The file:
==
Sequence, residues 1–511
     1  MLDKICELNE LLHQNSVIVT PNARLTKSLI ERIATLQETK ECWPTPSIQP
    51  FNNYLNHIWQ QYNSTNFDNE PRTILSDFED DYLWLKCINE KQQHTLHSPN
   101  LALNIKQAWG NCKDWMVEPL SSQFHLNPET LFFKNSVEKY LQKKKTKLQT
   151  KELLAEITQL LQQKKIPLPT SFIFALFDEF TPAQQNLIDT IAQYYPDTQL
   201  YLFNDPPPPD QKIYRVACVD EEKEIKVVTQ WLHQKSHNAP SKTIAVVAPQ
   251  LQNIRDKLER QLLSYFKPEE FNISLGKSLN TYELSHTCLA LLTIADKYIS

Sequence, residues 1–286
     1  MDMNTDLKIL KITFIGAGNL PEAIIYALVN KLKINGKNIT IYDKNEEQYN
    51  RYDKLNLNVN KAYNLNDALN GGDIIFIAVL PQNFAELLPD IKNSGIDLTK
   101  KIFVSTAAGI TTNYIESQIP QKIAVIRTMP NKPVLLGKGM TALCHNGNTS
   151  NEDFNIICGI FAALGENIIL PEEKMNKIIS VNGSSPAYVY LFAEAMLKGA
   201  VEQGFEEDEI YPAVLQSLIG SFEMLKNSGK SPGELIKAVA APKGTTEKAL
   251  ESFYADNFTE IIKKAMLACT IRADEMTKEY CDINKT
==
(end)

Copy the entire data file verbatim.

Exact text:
Sequence, residues 1–511
     1  MLDKICELNE LLHQNSVIVT PNARLTKSLI ERIATLQETK ECWPTPSIQP
    51  FNNYLNHIWQ QYNSTNFDNE PRTILSDFED DYLWLKCINE KQQHTLHSPN
   101  LALNIKQAWG NCKDWMVEPL SSQFHLNPET LFFKNSVEKY LQKKKTKLQT
   151  KELLAEITQL LQQKKIPLPT SFIFALFDEF TPAQQNLIDT IAQYYPDTQL
   201  YLFNDPPPPD QKIYRVACVD EEKEIKVVTQ WLHQKSHNAP SKTIAVVAPQ
   251  LQNIRDKLER QLLSYFKPEE FNISLGKSLN TYELSHTCLA LLTIADKYIS

Sequence, residues 1–286
     1  MDMNTDLKIL KITFIGAGNL PEAIIYALVN KLKINGKNIT IYDKNEEQYN
    51  RYDKLNLNVN KAYNLNDALN GGDIIFIAVL PQNFAELLPD IKNSGIDLTK
   101  KIFVSTAAGI TTNYIESQIP QKIAVIRTMP NKPVLLGKGM TALCHNGNTS
   151  NEDFNIICGI FAALGENIIL PEEKMNKIIS VNGSSPAYVY LFAEAMLKGA
   201  VEQGFEEDEI YPAVLQSLIG SFEMLKNSGK SPGELIKAVA APKGTTEKAL
   251  ESFYADNFTE IIKKAMLACT IRADEMTKEY CDINKT